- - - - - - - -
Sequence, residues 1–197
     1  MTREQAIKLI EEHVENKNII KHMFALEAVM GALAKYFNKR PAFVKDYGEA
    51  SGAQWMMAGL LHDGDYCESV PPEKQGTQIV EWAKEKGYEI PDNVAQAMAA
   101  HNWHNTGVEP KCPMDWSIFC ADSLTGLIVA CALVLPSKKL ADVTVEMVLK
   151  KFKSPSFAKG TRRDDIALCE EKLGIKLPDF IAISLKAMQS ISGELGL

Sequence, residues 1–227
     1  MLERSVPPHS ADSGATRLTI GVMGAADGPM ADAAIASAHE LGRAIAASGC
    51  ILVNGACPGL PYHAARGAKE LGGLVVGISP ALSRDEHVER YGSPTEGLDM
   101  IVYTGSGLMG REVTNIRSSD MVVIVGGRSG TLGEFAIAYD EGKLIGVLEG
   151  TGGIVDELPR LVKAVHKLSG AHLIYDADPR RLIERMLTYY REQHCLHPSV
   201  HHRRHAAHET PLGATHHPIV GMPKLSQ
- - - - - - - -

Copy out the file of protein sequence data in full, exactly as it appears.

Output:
Sequence, residues 1–197
     1  MTREQAIKLI EEHVENKNII KHMFALEAVM GALAKYFNKR PAFVKDYGEA
    51  SGAQWMMAGL LHDGDYCESV PPEKQGTQIV EWAKEKGYEI PDNVAQAMAA
   101  HNWHNTGVEP KCPMDWSIFC ADSLTGLIVA CALVLPSKKL ADVTVEMVLK
   151  KFKSPSFAKG TRRDDIALCE EKLGIKLPDF IAISLKAMQS ISGELGL

Sequence, residues 1–227
     1  MLERSVPPHS ADSGATRLTI GVMGAADGPM ADAAIASAHE LGRAIAASGC
    51  ILVNGACPGL PYHAARGAKE LGGLVVGISP ALSRDEHVER YGSPTEGLDM
   101  IVYTGSGLMG REVTNIRSSD MVVIVGGRSG TLGEFAIAYD EGKLIGVLEG
   151  TGGIVDELPR LVKAVHKLSG AHLIYDADPR RLIERMLTYY REQHCLHPSV
   201  HHRRHAAHET PLGATHHPIV GMPKLSQ